FARAH PAHLAVI: Well I must say that of course I always loved the King as a citizen, the loyal citizen to her King. But after many meetings of course this love turned from a person to his king to a love of a woman to a man.
DAVID FROST: And I suppose perhaps one of the happiest moments of your whole time together was when you were able to give birth to your first child who was a son, the son and heir that he so hoped for. That must have been a moment of ecstasy?
FARAH PAHLAVI: Yes, it was. It was a wonderful moment, not only for us but also for all our compatriots. And also so many moments of other happiness with my other children. And whatever happened positive for our country.
DAVID FROST: And when we were talking in that clip, I think probably looking back on it now, the Shah probably overestimated the power that the King had over the people and probably underestimated the power that the Mullahs had?
FARAH PAHLAVI: Well not being where we are now today, of course we think back and in spite of what has happened in Iran and the revolution and the 25 years, now we're looking back and with hindsight of course we could have seen the problems better, we maybe could have managed, the problems better
... And also it was a mistake from our part and also in the government and I guess the mistake of the people in the streets and many of the opposition that thought that Khomeni who had promised them paradise, will give them paradise. But unfortunately he opened the door to hell.
DAVID FROST: And at the same time, I mean, I suppose the two things people quoted a lot about that time were of course the activities of SAVAK and of corruption and so on.
But do you think the real problem, because this is something I ask prime ministers about, how do you keep in touch with what people are thinking and so on? And the answer is that they try, but with an absolute monarch, presumably people apart from you, tell a Shah what they think he wants to hear?
FARAH PAHLAVI: It's possible that around every power there are people who want to only give the good news. But we have to consider Iran in the context of that period. We had our big neighbour, the Soviet Union, who always dreamt to reach the warm waters of the Persian Gulf. We had religious fanatics and seeing the result now, we see that we didn't see some of the dissatisfactions.
But, having said that, when you look back in the last 25 years I can not stop myself comparing what was the situation of the Iranians 25 years ago and what was the situation of Iran, and also in the Middle East, and what would have happened if the revolution didn't happen. And I think really that with all the shortcomings we had, like any other country or any other regime, we didn't need such a horrible revolution.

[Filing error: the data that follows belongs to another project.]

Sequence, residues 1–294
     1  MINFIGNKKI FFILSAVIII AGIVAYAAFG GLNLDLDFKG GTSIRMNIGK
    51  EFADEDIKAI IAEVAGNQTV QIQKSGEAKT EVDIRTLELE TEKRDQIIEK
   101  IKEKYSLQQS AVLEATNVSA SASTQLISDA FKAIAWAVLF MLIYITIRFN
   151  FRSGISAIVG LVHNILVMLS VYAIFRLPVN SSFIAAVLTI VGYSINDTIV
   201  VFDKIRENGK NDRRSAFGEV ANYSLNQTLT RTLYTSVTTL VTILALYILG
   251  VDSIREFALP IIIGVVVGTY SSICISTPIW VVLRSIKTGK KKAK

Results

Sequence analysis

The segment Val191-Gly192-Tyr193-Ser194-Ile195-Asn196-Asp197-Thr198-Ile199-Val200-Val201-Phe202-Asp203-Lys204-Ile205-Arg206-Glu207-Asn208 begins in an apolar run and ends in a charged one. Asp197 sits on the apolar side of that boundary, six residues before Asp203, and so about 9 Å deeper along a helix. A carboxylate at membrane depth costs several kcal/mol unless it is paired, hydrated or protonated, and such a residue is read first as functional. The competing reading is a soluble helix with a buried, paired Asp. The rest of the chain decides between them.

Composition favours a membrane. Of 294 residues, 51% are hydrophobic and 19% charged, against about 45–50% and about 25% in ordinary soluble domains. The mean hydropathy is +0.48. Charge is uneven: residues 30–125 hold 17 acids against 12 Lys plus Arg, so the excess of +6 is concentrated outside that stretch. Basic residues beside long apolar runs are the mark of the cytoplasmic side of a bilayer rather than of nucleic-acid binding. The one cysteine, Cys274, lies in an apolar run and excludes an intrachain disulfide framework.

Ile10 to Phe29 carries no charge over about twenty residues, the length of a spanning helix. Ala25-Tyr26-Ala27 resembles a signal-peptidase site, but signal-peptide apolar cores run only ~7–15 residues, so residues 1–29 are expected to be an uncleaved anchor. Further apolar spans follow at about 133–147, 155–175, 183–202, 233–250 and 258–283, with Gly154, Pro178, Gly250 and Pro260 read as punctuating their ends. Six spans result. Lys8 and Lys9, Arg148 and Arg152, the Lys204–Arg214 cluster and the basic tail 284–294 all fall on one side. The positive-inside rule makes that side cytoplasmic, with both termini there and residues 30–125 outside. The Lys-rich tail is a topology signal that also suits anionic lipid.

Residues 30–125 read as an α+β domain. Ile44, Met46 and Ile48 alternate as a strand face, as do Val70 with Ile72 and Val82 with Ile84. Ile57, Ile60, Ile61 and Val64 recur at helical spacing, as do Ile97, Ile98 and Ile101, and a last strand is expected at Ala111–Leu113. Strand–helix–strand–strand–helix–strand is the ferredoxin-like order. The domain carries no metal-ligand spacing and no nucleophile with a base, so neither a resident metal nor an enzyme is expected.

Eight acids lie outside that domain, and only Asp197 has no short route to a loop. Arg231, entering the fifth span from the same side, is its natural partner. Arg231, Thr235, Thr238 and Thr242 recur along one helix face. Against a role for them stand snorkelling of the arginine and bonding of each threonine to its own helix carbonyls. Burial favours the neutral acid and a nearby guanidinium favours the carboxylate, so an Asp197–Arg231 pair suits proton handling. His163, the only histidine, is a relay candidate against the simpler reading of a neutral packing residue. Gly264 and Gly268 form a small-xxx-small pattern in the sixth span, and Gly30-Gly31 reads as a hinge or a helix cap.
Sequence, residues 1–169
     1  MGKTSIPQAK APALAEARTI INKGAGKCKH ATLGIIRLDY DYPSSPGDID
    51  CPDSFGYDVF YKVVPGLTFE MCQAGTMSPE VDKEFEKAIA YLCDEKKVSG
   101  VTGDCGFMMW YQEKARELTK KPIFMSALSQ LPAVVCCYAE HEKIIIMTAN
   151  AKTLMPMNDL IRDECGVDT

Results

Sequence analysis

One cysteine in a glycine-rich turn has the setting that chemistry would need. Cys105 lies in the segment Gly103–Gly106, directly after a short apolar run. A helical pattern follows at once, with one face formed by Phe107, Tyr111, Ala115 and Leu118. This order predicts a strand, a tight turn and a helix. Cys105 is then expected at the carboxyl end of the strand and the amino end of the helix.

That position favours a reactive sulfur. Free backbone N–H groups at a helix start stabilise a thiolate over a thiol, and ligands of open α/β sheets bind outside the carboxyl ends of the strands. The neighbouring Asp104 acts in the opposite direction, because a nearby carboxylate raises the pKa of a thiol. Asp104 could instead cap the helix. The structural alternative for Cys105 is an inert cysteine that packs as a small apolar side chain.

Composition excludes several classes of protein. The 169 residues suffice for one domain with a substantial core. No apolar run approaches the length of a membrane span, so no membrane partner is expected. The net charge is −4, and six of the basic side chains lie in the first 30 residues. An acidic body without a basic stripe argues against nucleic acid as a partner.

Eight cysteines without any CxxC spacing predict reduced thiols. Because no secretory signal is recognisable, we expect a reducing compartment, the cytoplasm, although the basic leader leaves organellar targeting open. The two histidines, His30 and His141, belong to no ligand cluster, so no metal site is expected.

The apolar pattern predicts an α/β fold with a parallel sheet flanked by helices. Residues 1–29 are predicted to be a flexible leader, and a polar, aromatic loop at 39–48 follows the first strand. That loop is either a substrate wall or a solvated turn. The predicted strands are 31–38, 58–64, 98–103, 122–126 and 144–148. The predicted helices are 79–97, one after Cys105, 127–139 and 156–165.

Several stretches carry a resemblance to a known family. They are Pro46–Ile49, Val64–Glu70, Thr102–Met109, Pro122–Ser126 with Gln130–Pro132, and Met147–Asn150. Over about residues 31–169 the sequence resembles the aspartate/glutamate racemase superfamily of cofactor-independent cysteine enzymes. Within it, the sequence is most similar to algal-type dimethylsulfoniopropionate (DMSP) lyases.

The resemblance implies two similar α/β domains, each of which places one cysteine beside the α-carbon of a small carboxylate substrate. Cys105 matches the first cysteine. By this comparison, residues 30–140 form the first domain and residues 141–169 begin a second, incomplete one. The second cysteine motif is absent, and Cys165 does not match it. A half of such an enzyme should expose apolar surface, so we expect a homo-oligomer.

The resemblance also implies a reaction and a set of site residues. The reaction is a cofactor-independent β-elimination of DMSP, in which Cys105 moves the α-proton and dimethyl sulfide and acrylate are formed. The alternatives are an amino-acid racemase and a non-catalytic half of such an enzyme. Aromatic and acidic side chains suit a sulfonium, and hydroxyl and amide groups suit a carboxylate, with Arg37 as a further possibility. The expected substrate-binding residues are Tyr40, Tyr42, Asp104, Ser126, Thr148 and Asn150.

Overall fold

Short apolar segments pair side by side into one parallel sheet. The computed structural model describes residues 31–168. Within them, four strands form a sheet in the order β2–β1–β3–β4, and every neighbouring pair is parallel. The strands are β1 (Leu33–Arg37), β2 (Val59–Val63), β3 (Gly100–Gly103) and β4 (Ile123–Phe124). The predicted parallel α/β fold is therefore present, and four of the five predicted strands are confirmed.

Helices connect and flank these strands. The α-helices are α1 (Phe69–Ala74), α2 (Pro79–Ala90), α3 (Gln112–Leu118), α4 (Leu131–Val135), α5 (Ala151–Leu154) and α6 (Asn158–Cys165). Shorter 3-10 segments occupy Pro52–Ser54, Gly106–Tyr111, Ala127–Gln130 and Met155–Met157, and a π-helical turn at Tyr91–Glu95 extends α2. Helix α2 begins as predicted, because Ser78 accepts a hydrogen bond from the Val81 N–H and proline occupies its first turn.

DAVID FROST: Did you feel betrayed in that last year, year and a half, when you had been ousted from Iran and the United States' President Carter and others didn't really give you the support that you thought you'd earned?
FARAH PAHLAVI: Well Sir David, you know it was a very difficult time. And sometimes unbearable. But we had to survive, I had to survive for my husband, for my children, for my own dignity.
And you know, for foreign politics and power you can understand they are after what they think is their national interest. And after all a government had changed. But we at the same time received many letters and many supporting words from simple people, and that kept us going on. And I can consider that life is a struggle for all of us, no matter in what position we are relative to opposition.
DAVID FROST: Talking of struggle and so on, when I was doing the interview with the Shah in exile the Khomeni regime were announcing to the world that you as a family, and the Shah, had left Iran with 176 billion dollars. I presume that was not true?
FARAH PAHLAVI: Of course it's not true. It's all the propaganda of the regime and also all the opposition. The King was a patriot. He loved his country above all, and its people. And I must assure you now people realise that that was all propaganda and I hope today the same people who wrote or said about this supposedly billions, think of the corruption which exists today in Iran.
DAVID FROST: And finally, would you like George Bush, President Bush, would you like him to do in Iran what he's done in Iraq, and go in and have a regime change?
FARAH PAHLAVI: This is the most undesirable thing to happen. Iranians I think which are really desperate for change, desperate for freedom and democracy.
And I am sure with the help of the Iranians inside and outside of Iran, and with the help and the moral help of the freedom-loving people of the world, Iranian people will reach democracy and freedom.
Disclaimer: Opinions posted on Free Republic are those of the individual posters and do not necessarily represent the opinion of Free Republic or its management. All materials posted herein are protected by copyright law and the exemption for fair use of copyrighted works.